The City Has Numerous Activities To Celebrate Latinos and Their History
By Dolores Quintana
The City Council of Santa Monica officially declared the period from September 15 to October 15 as Hispanic Heritage Month on Tuesday, September 12. The proclamation was marked by reading and remarks led by Mayor Gleam Davis, along with contributions from teachers, students, and representatives from Santa Monica High School (Samohi).
Mayor Davis emphasized the vital role of Latinas/os in the community, recognizing their enduring contributions and the historical significance of the Spanish language in the city’s identity. She noted the deep-rooted connection to the indigenous languages of the Gabrielino-Tongva and Chumash peoples, who originally inhabited the land.
“Latinos have been part of and are valued in our community,” Mayor Gleam Davis said. “While we recognize that the indigenous languages of the Gabrielino-Tongva and Chumash were first spoken for thousands of years on the land we occupy, the Spanish language is ingrained in the name of our city and frequented streets, from the original Mexican 1839 land grant name, Rancho San Vicente y Santa Mónica, to Pico Boulevard, San Vicente Boulevard, and Montana Avenue. Our city has long been enriched by the contributions, heritage, and traditions of Latinas/os and will continue to be well into the future.”
In conjunction with the proclamation, the Santa Monica Public Library is hosting a series of family-friendly activities throughout the month to honor Hispanic Heritage, including:
Hispanic Heritage Month Booklists:
Explore a curated selection of books celebrating the histories, cultures, and contributions of people from Spain, Mexico, the Caribbean, and Central and South America, available for borrowing or recommendations to friends and family.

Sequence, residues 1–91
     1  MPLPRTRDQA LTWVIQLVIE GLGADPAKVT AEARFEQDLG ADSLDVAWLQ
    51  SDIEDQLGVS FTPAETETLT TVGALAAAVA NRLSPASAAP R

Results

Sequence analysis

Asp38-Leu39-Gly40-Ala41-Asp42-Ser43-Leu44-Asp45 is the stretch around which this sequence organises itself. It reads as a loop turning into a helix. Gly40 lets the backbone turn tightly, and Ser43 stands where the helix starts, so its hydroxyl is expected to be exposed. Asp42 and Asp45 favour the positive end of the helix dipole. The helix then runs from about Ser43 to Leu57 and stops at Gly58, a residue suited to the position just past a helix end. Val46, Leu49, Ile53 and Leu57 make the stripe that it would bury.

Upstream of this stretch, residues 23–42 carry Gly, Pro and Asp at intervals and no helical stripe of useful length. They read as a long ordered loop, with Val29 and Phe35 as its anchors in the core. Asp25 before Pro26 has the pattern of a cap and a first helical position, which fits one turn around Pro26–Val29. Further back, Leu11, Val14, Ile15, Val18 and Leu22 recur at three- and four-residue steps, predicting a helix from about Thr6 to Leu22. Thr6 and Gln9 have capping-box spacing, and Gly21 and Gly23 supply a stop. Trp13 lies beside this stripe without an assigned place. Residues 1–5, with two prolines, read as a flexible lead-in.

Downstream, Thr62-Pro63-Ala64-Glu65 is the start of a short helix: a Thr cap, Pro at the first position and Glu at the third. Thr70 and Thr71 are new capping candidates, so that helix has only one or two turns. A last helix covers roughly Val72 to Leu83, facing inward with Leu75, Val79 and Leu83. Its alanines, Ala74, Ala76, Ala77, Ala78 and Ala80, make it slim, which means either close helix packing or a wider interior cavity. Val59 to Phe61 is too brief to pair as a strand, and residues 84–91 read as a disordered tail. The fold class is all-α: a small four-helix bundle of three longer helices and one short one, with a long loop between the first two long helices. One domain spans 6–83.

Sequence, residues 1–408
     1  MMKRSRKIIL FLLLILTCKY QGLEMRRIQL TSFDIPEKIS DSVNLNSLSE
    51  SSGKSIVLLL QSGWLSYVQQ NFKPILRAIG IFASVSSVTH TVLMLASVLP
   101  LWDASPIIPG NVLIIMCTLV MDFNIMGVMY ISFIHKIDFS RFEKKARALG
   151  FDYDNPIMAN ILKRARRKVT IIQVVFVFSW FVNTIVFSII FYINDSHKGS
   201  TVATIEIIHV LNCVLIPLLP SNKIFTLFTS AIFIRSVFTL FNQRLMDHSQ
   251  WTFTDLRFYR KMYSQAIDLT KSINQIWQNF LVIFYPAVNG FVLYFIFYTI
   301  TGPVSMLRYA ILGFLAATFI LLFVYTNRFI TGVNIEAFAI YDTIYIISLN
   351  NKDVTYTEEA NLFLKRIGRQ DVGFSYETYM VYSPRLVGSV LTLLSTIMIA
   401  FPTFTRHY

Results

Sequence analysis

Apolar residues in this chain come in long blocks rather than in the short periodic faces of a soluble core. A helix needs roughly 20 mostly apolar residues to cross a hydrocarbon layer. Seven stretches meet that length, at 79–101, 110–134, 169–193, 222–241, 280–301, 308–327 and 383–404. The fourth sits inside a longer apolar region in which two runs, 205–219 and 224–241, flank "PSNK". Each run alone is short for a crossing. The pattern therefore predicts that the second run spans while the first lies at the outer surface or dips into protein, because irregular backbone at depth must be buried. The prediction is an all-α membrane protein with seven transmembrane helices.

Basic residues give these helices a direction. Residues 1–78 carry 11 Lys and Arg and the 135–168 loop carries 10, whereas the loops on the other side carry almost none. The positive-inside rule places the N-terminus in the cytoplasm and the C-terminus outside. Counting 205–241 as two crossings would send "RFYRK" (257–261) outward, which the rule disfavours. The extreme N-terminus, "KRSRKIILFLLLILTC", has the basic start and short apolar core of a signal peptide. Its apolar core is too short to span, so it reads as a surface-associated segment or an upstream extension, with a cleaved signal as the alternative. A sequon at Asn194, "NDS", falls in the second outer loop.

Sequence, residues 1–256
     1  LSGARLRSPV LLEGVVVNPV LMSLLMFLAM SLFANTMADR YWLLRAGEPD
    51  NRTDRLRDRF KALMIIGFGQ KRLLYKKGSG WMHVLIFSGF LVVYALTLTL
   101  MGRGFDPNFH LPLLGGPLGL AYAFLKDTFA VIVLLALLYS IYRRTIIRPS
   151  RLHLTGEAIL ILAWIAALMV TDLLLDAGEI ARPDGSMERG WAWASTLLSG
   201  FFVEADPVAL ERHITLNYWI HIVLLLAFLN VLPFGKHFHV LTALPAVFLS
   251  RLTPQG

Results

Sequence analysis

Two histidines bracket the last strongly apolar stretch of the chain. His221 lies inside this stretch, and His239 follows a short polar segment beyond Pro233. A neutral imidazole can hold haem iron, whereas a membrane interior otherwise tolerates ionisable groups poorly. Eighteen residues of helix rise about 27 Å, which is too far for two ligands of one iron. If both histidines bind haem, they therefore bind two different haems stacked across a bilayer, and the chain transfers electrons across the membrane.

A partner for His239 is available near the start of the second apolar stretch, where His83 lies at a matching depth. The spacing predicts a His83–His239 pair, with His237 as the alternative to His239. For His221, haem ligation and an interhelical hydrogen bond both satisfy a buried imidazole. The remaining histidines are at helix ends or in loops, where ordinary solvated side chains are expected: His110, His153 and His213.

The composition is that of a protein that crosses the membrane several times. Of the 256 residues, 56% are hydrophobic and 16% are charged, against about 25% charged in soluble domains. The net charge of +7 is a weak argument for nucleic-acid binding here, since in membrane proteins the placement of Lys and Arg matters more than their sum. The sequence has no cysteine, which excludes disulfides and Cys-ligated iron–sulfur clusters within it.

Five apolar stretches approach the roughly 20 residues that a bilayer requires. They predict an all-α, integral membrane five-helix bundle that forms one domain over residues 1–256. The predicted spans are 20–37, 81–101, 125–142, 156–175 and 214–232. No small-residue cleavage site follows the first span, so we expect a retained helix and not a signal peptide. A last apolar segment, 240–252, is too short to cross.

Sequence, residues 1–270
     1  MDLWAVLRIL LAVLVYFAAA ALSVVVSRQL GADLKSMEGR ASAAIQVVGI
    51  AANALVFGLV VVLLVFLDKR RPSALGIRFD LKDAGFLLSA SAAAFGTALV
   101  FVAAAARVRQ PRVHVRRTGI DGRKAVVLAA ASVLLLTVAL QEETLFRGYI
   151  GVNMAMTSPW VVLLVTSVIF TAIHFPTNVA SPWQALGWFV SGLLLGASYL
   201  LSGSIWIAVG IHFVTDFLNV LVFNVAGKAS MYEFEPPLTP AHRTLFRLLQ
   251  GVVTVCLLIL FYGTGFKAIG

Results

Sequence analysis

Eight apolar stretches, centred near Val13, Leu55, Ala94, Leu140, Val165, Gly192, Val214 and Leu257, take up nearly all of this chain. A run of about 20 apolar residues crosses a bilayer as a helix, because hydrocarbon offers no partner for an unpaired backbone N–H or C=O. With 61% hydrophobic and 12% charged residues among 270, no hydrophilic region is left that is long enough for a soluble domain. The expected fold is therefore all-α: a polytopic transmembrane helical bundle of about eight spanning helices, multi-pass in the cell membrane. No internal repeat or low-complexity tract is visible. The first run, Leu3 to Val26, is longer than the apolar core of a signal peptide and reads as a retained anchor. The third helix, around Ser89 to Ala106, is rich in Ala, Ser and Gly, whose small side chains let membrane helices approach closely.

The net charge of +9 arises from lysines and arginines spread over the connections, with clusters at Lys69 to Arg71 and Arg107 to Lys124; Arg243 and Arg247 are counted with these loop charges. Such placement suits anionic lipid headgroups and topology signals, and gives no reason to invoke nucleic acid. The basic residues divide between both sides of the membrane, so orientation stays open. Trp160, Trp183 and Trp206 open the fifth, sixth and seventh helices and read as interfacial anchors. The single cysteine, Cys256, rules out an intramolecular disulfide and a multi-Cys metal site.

- Hispanic Heritage Month for Kids
- Hispanic Heritage Month Middle-Grade Books
- Hispanic Heritage Month Books for Teens
- Hispanic Heritage Month Books for Adults
Hispanic Heritage Month Kids Take & Make Kit: Quetzal Bird: This hands-on kit, currently available, provides the supplies needed to create a quetzal bird—a sacred creature in the tropical forests of Central America for the ancient Maya and Aztec peoples. A learning sheet accompanies the kit to encourage further discovery. Kits can be obtained at the Main Library Youth Services desk and all branch locations while supplies last.
Mystery Book Group Discussion: “Velvet Was the Night” by Silvia Moreno-Garcia: Scheduled for Tuesday, September 19, from 7 to 8 p.m. This Zoom discussion invites participants to explore the 1970s Mexico City setting of “Velvet Was the Night,” a captivating novel by Silvia Moreno-Garcia. Maite, a secretary enamored with romance novels, embarks on a quest to find her missing neighbor, Leonora, an art student. Interested parties can obtain the Zoom link by contacting email@example.com.
Cuentos para pequeños: Set for Jueves, 21 de septiembre, 10:30 a 11 a.m. at Pico Branch Library, The Annex. This event offers a delightful session of Spanish-language storytelling, rhymes, and songs for children aged 2-5 years. Más información is available aquí.
Hispanic Heritage Month Movie Screening: “Half Brothers” (2020): To be held on Tuesday, September 26, from 5 to 7 p.m. at The Annex at the Pico Branch Library, this event celebrates Hispanic Heritage Month with a screening of the heartwarming comedy “Half Brothers.” The film follows the journey of an uptight Mexican businessman forced to embark on a cross-country road trip with his goofy American half-sibling. The screening will be followed by a Q&A session with the film’s writer, Eduardo Cisneros. Details can be found aquí.
Stories from Latin America with Olga Loya: Taking place on Friday, September 29, from 10:30 to 11:15 a.m. at the Pico Branch Library. This event celebrates the magic of “Los cuentos” (stories) with folktales addressing self-image and the power of ancient myths in understanding the present. Participants will gain insights into Latina/o culture while exploring their own identities. For further information, click here.
Hispanic Heritage Month Teen Take & Make Kit: Ceramic Calaveras: Commencing on Monday, October 2, this kit allows participants to delve into the cultural significance of Calaveras (skulls) and decorate one of their own. Registered teen volunteers can earn one hour of community service by decorating a Calavera and adding it to the Main Library’s ofrenda for Día de los Muertos. Kits can be collected at the Main Library Youth Services desk and all branch locations while supplies last. This activity is suitable for ages 11-18. For more information, click here.